I’ve met all kinds of patients with interesting jobs including a footballer, an athlete, an actor, an airline pilot, several doctors and even a professional clown. It has been pretty awesome.

Perhaps, my classmates and I are stressing too much about not knowing enough to be helpful and should just enjoy this stage where we can absorb and see a massive variety of specialties without being tied down to any of them – or be expected to carry out jobs or endure any huge responsibilities yet.

The “Medical Student” ID badge (when freed of potato) grants us “Access to All Areas” in the hospital and observe pretty much anything we’re interested in. Clinics and operating theatres may need prior arrangement but by asking nicely, I’ve often been able to show up ad-hoc even to these and watch procedures, get a bit of teaching and see conditions that we’d only previously read about in textbooks.

So we are not VIPs, but we do have backstage passes. Roll on the next 2.5 years – if all goes well.

Scrub Nurse Angel

Surgical_gloves_19Observed a prostate biopsy today. After the patient was wheeled in from anaesthesia, the consultant told his surgical registrars to do a digital rectal examination on the patient to feel the prostate’s size and its nodules.

An orderly queue formed at the foot of the table, index fingers held up as though testing wind direction. He then motioned to me that I should also become familiar with what a prostate with pathology felt like.

Accepting the fate of my finger, I donned the gloves and joined the line. I shuffled forward to take my turn and just as I reached the patient, someone shouted that the patient had not yet been ‘taped’. I stepped aside to avoid the scrub nurse as she sprang into action, taping certain appendages out of the way and then immediately afterwards the surgeon moved in to start the procedure. I was saved – thank you scrub nurse!

Clinical Week 1

Beilinson_Hospital_ward_1950I’ve survived the first clinical week. After two years incarceration in mostly lectures and the recent week of back to back induction talks, my patient hungry classmates and I were released into hospital wards.

However, the new found freedom we’ve been craving has sometimes left many of us feeling like spare parts, trailing behind junior (F1) doctors and not knowing enough to help properly yet. We’re dressed as doctors, reinforced by shiny new stethoscopes around our necks but with little experience of using them.

I’m not beating myself up as it’s only the first week and we’re still discovering hospital protocols but so far a good recipe has been to i) find a cooperative doctor ii) be nice to nurses and iii) find friendly looking patients who will consent to histories and examinations.

Me: “Hello Mr X, my name is MSL and I’m a medical student. Could I talk to you about why you’re in hospital?”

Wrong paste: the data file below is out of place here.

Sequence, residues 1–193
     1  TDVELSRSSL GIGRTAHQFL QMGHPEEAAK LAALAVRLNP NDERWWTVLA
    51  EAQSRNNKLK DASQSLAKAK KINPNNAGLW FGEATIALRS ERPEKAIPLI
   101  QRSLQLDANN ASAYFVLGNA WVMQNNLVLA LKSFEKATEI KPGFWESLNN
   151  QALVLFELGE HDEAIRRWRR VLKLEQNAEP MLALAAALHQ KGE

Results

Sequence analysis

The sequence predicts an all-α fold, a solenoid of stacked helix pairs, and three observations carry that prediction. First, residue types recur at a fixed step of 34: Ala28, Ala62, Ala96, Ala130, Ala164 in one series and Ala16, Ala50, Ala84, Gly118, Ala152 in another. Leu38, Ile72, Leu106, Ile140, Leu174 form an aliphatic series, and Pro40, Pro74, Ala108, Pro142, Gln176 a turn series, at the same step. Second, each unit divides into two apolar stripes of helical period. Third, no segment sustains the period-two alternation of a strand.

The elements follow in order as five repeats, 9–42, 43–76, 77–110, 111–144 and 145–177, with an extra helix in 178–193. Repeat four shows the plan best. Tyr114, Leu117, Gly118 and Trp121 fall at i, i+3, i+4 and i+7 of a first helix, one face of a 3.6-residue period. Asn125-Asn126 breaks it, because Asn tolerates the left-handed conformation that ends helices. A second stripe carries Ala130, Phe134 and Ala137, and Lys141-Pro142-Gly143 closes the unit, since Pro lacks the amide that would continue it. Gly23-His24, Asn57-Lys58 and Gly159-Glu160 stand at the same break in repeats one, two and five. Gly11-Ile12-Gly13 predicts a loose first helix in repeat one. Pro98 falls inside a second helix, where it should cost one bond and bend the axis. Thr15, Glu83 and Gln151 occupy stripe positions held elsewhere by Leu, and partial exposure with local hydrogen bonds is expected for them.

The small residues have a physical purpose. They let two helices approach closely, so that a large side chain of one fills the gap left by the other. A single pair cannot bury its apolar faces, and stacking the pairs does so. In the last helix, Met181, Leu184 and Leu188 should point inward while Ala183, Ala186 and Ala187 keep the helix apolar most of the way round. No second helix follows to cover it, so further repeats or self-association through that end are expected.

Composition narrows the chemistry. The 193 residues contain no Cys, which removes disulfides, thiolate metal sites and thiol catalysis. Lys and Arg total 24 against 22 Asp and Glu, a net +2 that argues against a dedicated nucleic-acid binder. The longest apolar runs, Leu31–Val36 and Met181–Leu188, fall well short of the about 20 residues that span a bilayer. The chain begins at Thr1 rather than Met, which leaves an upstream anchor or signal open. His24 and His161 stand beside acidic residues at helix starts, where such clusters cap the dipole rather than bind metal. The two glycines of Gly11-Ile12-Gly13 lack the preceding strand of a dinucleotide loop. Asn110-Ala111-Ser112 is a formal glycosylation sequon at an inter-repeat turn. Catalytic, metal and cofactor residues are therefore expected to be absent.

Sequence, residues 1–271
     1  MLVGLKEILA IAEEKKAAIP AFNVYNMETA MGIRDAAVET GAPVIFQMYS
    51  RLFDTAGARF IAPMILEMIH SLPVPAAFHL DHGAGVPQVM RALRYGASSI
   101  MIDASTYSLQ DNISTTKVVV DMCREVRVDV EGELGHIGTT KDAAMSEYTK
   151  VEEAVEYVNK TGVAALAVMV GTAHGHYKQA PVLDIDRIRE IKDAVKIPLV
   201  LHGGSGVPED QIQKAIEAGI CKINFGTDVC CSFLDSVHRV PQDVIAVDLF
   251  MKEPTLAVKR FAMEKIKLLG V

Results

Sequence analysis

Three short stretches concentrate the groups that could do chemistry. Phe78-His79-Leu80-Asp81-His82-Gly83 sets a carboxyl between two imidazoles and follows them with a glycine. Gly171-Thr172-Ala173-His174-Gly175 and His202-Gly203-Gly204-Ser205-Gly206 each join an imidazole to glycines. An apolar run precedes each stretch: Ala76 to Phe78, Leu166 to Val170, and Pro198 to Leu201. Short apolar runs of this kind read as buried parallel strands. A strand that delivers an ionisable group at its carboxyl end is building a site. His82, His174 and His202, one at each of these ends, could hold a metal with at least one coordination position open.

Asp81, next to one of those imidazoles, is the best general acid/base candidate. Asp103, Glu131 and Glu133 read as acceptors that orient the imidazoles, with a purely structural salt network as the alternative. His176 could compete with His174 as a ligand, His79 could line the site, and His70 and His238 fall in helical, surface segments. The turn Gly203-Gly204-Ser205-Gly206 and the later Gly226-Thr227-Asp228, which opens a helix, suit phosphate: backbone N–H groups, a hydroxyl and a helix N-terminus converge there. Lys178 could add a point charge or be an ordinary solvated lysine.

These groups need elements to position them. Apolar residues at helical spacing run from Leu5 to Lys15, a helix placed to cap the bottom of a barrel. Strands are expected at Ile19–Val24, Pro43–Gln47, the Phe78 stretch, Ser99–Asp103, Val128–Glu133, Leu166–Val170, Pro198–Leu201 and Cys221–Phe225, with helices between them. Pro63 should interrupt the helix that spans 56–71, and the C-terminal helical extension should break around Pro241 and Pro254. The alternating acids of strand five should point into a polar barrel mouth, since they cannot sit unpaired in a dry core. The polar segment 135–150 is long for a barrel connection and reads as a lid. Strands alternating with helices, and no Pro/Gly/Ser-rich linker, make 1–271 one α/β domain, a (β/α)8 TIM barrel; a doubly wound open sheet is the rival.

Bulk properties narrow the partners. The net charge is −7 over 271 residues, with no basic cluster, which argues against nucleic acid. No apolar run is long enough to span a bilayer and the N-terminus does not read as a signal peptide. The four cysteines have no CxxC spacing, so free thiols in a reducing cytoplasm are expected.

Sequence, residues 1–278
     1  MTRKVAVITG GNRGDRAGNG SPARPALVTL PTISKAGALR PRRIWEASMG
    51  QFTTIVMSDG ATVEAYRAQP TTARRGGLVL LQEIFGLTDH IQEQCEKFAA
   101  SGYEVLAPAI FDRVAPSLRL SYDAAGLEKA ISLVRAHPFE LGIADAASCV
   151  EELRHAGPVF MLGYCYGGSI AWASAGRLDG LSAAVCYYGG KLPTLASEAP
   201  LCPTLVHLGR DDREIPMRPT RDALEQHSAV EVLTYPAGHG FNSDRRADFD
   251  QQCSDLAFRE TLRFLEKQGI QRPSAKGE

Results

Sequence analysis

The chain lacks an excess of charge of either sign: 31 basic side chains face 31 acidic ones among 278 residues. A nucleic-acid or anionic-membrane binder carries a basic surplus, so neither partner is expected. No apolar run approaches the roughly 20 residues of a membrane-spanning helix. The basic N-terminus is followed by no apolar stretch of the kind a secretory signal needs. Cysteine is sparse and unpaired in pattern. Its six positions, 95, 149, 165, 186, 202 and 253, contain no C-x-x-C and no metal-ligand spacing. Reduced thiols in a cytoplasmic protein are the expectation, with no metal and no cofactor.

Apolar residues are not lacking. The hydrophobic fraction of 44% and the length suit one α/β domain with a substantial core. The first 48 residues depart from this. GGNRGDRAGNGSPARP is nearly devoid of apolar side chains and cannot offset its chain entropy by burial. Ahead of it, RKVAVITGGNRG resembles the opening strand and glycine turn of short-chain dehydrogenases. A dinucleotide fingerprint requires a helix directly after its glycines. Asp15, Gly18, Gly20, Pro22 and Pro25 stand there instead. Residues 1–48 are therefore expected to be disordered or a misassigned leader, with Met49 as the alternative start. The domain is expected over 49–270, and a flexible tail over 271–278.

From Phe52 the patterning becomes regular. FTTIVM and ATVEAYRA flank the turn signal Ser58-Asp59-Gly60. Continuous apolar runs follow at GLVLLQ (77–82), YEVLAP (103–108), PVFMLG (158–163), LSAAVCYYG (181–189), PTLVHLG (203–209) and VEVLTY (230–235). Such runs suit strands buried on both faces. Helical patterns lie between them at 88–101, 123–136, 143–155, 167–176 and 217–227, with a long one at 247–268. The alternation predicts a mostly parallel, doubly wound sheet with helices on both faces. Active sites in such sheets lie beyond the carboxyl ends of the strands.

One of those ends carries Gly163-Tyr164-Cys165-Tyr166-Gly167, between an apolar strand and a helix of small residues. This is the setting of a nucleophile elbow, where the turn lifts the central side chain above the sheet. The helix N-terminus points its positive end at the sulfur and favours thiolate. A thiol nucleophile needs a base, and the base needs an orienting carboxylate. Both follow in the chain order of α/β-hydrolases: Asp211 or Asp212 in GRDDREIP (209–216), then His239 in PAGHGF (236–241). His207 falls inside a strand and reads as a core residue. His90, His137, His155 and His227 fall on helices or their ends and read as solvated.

Patient: “Sure doctor”
Me: “I’m actually still a medical student”
Patient: “Oh, OK”
Me: “So Mr X, why are you here today”
Patient: “Well I’ve had this pain for 3 days now doctor”
Me: “I’m a medical student
Patient: “OK doctor”

My initial concern about being mistaken for a qualified doctor is semi valid for some patients but is wasted on staff who look me up and down and spot my “Medical Student” ID badge, Oxford Handbook of Clinical Medicine (aka cheese and onion) or notice me waiting around awkwardly. Actual doctors have a pager clipped to their belt/handbag and hurry around efficiently with patient lists in their hands. The pager is like a little time bomb except nobody knows when it is going to go off. Consultants walk around in expensive shoes and suits – no pager.

So far so good, not many pointy questions and no humiliation in front of patients yet but I did hear a rumour that a consultant made one of the doctors cry.

Clinicals Here I Come

In years 1 – 2 we achieved most of our learning through lectures with regular but occasional placements in hospitals plus sessions with GPs (family doctors). 3rd year means starting the clinical part of our medical education where we’ll be members of a “firm” in teaching hospitals and seeing patients full time. I love patient interaction so this is an exciting transition and is the stage of medical school that I’ve been really looking forward to. I still have to kind of pinch myself to prove that it’s happening!

Part of me is guarded about what being in a clinical firm will be like as an extra mature student. Traditionally, age correlates with seniority and students are the youngest in the firm but in my case, there’s a good chance I’ll be older than even the consultant. Until now it hasn’t been an issue and In a lecture hall I’m just another face (albeit a wrinkly one) in a large crowd. A clinical firm is a small team so I’ll stick out. How will I be perceived? Could I be mistaken for a qualified doctor or even as an old fraudster impersonating a medical student?

I’m also wondering whether I’ll be able to answer the questions that consultants and registrars will throw at me. Do they really humiliate their students and juniors? I’ve learned an amazing amount since starting medical school but I feel that I’ve forgotten a lot too. My classmates have voiced similar concerns and we’ve been told: “It’s in there somewhere and comes rushing back when you need it” – Well I hope so as I’m going to need it all very soon and I don’t feel anything rushing about up there.